What’s wrong with a man offering applause to a woman who performed her job better than he performed his?
Nothing really. Below the line on certain newspapers will certainly be fomenting with versions of that question and additional queries. “You can’t win with these women, can you?” New York, New York from Coventry may write, a sneer barging fully formed through the remark. We live in a world with dark corners where Patrice Evra will be held up as a brutalised victim of feminist culture, by people who’ve conveniently forgetting his recent sacking from Marseille for fighting with fans.
Perhaps they’re right. Maybe the backlash is excessive. This is a point of transition in the Western world; #MeToo, the gender pay gap and the President of the United States’ stance on pussy grabbing serving to raise the search for some form of equality and we’re only human. It can be hard to adjust to ideas you’ve never come across before, like a woman being in a man’s space on merit.
It’s more than Evra failing to do his research about the game he was scheduled to summarise live though. More troubling is the lack of interest in anything outside his sphere of influence, which seems to have resulted in his having no idea who Eni Aluko actually is. That she might know a bit about football and talking because she’s got 102 England caps and a first class honours degree in law.
He can’t even claim she’s not been getting the coverage lately.
There’s nothing wrong with that in itself. Patrice Evra an extremely successful athlete and far be it from me to tell him what to prioritise so he doesn’t look like a fool on the telly. He’s not obliged to stay abreast of global events forever because he played left back for Manchester United. But should the BBC and ITV be employing people to talk about football matches on the understanding that they have something to offer vs. them turning up in a an open necked shirt and having a bit of a natter while the match is on? Evra is far from the only person Twitter has fallen upon and torn apart over their punditry style. Mark Lawrenson’s hatred of football (implied by his opaque references to the bleedin’ obvious and clear lack of interest in events on the pitch) has become a point of debate, at least in the parts of Twitter that don’t require permission to show offensive content.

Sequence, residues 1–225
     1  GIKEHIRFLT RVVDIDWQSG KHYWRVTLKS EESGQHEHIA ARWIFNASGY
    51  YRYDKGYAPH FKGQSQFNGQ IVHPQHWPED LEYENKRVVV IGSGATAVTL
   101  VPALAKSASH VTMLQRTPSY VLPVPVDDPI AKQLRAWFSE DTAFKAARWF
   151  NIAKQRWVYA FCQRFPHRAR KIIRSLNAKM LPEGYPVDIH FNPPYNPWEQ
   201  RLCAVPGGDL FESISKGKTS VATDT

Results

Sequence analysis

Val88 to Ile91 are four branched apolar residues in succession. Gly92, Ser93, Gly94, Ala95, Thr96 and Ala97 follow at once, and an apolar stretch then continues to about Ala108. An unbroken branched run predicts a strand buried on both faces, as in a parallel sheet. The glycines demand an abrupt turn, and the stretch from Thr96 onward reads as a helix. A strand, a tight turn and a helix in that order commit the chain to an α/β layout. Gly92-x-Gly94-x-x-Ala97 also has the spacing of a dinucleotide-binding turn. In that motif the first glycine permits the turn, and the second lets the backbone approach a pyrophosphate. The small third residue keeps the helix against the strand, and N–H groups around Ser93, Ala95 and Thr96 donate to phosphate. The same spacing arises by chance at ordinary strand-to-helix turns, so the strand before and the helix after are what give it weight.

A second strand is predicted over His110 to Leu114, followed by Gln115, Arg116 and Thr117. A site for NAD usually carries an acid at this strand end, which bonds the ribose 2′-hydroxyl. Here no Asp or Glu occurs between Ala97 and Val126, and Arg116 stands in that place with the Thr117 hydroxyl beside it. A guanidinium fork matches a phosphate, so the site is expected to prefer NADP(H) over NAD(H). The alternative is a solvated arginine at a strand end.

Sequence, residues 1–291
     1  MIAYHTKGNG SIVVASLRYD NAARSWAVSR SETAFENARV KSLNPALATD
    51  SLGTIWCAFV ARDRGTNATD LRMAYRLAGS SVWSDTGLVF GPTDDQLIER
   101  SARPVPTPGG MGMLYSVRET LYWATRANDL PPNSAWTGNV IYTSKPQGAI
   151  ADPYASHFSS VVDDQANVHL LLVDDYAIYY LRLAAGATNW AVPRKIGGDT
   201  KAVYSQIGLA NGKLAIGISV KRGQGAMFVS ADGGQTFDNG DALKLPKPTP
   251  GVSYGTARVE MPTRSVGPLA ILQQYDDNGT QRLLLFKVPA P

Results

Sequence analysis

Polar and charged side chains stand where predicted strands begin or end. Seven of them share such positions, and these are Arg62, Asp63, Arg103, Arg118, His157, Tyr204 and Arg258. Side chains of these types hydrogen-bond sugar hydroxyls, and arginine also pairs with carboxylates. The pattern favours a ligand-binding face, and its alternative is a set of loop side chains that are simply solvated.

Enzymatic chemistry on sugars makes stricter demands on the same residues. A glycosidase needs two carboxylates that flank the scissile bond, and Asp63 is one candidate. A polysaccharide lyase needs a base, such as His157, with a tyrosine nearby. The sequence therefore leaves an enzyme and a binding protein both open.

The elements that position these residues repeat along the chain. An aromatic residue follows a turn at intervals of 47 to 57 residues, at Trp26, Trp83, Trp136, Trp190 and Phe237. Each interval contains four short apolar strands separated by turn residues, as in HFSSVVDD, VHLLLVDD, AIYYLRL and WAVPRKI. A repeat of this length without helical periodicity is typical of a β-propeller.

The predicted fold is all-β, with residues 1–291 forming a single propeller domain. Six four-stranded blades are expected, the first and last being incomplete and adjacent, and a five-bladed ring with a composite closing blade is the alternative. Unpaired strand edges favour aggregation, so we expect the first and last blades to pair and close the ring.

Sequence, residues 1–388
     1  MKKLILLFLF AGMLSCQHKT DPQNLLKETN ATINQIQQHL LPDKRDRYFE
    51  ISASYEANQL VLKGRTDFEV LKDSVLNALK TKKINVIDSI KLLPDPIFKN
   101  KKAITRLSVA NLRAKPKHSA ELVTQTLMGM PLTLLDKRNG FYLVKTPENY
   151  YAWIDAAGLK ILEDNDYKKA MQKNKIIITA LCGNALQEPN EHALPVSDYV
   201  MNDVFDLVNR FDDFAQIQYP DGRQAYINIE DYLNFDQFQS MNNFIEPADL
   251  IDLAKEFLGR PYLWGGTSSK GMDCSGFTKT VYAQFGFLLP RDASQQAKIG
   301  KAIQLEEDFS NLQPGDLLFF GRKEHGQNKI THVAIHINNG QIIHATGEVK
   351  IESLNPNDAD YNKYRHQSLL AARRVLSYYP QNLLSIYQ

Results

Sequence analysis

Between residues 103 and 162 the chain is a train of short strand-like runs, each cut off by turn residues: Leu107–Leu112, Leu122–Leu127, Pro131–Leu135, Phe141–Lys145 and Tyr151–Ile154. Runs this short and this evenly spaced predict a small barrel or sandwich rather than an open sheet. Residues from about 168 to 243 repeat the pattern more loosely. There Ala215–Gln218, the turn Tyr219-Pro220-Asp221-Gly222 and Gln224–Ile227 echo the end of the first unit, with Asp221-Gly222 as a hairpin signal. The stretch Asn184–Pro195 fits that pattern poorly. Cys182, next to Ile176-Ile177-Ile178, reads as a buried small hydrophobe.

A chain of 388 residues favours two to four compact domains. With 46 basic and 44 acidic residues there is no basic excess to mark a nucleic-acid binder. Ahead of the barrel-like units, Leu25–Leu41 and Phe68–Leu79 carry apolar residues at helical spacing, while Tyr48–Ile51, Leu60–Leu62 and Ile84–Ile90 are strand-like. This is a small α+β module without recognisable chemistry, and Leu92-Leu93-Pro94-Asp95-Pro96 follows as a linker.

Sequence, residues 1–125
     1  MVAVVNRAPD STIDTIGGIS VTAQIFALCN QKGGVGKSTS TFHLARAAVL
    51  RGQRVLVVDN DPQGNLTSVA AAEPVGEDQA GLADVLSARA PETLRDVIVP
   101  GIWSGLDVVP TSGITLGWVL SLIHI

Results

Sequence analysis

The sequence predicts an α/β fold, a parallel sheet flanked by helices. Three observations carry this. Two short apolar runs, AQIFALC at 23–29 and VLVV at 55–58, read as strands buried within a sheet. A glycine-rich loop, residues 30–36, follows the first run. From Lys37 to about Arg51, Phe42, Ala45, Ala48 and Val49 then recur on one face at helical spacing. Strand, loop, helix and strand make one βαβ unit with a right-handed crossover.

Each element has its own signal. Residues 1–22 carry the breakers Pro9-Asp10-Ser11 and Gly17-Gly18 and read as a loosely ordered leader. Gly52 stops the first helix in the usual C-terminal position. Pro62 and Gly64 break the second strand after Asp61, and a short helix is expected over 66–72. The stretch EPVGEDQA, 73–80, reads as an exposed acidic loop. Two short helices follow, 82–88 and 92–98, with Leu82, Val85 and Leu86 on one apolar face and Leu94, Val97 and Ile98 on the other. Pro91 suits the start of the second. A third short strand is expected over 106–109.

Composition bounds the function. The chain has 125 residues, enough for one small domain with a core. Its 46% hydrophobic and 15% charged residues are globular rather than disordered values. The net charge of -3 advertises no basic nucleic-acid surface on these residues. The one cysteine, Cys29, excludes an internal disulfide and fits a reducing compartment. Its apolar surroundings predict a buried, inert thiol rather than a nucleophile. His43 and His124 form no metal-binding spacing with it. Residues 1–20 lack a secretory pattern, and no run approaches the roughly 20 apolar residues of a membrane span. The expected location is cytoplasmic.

What’s the deal? Have we, the viewing public, inadvertently supplied information to the terrestrial channels confirming that we don’t want any disturbingly interesting commentary spoiling our enjoyment of the game? There are so many exceptional people out there who speak eloquently and insightfully about football (many of which work for the outlets anyway) and yet I tune into BBC 5 Live at 8:30am in the morning to find Robbie Savage honking his way through a ‘hilarious’ World Cup round-up and getting predictions off his Mum.
For reference, media organisations who spent vast amounts of money on fonts and salaries and Patrice Evra for World Cup coverage, we the football public can cope with informative analysis and observations, both in the studio and while the game is on. We don’t need gimmicks or enforced merriment and we’re not just relieved to see a face we know during a game between Costa Rica and Serbia.
Remember, we’ve been watching the matches you’ve shown on TV in years gone by. The things we’ve seen would make your hair curl.